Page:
After following climate science for three decades, I remain surprised – no, dumbfounded – that people can doubt the overwhelming scientific evidence for human-caused climate change.
Let’s face it. This subject has left the realm of science and become an all-out media war. Here are some stories to read this week.
Climate Insurance. Let’s start with the facts. This Washington Post editorial asserts that “few reputable scientists would disagree” that the world is getting warmer and that humans are at least partly the cause. It explains that climate is complex, that the evidence for human-caused climate change in this century is overwhelming, and that the errors in the data that have come to light so far are “trivial.”
The Attack on Climate-Change Science: Why It’s the O.J. Moment of the Twenty-First Century. This article by Bill McKibben is posted as a Tomgram at TomDispatch.com. McKibben wrote the book End of Nature, which may have been first book ever written about human-caused climate change for a general audience. “The campaign against climate science has been enormously clever, and enormously effective,” McKibben writes. “It’s worth trying to understand how they’ve done it.”
Climate Wars. The Guardian has cataloged all of its “Climategate” stories. You’ll find factual articles and opinion pieces – expressing a diversity of opinions – related to climate science e-mails stolen from a University of East Anglia server in late 2009. Here’s the common thread: the battle over climate data has turned into an all-out war between actual climate scientists – the men and women who studied for years to become scientists, then spent decades carefully studying climate itself – and the skeptics whose motivations are sometimes hard to understand.
Bullying, lies and the rise of right-wing climate denial. Writing from Australia, Clive Hamilton explains that that nation’s “most distinguished climate scientists have become the target of a new form of cyber-bullying aimed at driving them out of the public debate.” No matter what you think of climate science, you will be shocked by the tone of some of these emails.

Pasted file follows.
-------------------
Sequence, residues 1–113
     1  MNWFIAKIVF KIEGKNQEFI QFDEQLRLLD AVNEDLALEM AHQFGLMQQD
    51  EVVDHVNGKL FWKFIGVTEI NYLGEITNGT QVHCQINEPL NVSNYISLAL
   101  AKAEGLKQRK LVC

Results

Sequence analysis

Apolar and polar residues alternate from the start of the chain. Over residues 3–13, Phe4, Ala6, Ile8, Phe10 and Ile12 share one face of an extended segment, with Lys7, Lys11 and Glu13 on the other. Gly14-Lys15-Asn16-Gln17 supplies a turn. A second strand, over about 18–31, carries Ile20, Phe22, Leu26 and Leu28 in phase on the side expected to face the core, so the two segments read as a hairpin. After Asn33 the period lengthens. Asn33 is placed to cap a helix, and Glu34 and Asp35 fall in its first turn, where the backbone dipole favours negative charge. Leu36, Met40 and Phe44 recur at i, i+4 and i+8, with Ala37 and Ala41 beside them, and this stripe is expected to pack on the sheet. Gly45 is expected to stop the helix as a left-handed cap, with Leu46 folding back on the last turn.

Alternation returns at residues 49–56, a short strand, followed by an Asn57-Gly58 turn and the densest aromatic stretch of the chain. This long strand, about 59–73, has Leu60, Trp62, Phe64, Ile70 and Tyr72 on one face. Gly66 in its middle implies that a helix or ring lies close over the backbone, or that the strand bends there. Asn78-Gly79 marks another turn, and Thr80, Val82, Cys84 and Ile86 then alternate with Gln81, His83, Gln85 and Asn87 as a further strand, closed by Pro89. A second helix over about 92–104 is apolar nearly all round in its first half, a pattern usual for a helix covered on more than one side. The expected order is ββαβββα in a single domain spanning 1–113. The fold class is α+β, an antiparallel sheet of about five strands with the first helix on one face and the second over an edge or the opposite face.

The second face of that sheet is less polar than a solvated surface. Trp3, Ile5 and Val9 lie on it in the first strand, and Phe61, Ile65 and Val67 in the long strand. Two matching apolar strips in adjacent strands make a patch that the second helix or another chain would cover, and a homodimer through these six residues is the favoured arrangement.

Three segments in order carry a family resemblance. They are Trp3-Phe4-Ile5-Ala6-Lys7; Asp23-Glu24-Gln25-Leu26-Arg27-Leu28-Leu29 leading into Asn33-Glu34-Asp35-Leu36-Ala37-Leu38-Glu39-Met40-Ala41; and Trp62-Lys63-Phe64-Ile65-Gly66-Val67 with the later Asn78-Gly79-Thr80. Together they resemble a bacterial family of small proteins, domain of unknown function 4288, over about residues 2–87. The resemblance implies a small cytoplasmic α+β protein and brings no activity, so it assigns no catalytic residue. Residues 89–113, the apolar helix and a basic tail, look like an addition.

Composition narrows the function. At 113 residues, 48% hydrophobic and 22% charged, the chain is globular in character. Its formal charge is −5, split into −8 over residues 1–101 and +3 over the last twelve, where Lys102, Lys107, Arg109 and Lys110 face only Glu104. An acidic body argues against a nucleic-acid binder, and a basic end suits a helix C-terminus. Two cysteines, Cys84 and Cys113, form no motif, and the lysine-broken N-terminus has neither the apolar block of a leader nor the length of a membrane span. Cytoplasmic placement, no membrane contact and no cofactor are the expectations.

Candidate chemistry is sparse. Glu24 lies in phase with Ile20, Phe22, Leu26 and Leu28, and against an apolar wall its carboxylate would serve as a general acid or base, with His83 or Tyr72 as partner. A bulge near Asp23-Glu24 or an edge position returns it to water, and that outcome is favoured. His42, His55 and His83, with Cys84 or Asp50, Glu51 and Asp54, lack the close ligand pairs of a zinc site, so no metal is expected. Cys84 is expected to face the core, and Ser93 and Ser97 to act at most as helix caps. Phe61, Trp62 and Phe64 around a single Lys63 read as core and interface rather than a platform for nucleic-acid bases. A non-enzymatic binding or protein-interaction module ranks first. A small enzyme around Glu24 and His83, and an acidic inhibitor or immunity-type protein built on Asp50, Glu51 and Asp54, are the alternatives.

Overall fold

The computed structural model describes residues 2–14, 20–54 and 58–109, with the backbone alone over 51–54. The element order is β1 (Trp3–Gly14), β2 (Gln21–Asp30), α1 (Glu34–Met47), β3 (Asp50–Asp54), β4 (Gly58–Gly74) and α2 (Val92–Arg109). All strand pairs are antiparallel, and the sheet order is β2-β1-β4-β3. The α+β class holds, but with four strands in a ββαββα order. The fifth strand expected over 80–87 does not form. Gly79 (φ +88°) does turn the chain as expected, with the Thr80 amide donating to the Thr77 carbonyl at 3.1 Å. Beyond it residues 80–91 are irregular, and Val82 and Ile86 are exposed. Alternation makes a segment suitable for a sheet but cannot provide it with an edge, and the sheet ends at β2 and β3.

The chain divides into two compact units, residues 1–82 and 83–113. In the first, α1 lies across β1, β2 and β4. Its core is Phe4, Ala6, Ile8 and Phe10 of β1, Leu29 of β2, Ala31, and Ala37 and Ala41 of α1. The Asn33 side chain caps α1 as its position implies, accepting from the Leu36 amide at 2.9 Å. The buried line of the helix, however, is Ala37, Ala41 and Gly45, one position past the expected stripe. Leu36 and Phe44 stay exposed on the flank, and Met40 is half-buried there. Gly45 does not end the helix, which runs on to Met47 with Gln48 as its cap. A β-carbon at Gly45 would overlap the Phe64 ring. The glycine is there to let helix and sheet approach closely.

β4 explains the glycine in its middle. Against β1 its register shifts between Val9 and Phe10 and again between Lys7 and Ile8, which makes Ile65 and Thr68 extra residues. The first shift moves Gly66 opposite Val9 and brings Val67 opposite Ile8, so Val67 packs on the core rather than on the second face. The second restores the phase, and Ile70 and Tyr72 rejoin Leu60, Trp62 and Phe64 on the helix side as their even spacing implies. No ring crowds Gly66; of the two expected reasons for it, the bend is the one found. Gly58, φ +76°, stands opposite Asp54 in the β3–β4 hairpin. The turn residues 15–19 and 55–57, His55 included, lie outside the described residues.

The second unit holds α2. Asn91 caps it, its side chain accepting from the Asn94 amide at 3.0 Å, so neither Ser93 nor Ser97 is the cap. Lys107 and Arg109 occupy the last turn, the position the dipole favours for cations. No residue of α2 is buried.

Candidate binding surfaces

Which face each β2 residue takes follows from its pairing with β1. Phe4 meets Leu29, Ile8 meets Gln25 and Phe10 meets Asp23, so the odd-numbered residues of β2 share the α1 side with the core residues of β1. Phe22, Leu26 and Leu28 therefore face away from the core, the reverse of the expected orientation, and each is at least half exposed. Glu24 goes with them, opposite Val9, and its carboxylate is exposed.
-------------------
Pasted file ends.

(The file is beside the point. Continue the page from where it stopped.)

By the way … EarthSky has received its own share of these very disturbing, bullying emails in recent weeks. Meanwhile, our mission is to be a voice for science, and the science on this subject is very solid – as solid as science can be. If the science changes, EarthSky will change with it. Until then, we’ll continue to interview leading scientists from among the thousands around the world whose data directly or indirectly show the facts of the matter. We live on a planet that is getting noticeably warmer. Global warming could have dire consequences for some of Earth’s billions of inhabitants, especially the poorest of us in the least developed countries. Human activities play a role in creating global warming.
Deborah Byrd created the EarthSky radio series in 1991 and founded EarthSky.org in 1994. Today, she serves as Editor-in-Chief of this website. She has won a galaxy of awards from the broadcasting and science communities, including having an asteroid named 3505 Byrd in her honor. A science communicator and educator since 1976, Byrd believes in science as a force for good in the world and a vital tool for the 21st century. "Being an EarthSky editor is like hosting a big global party for cool nature-lovers," she says.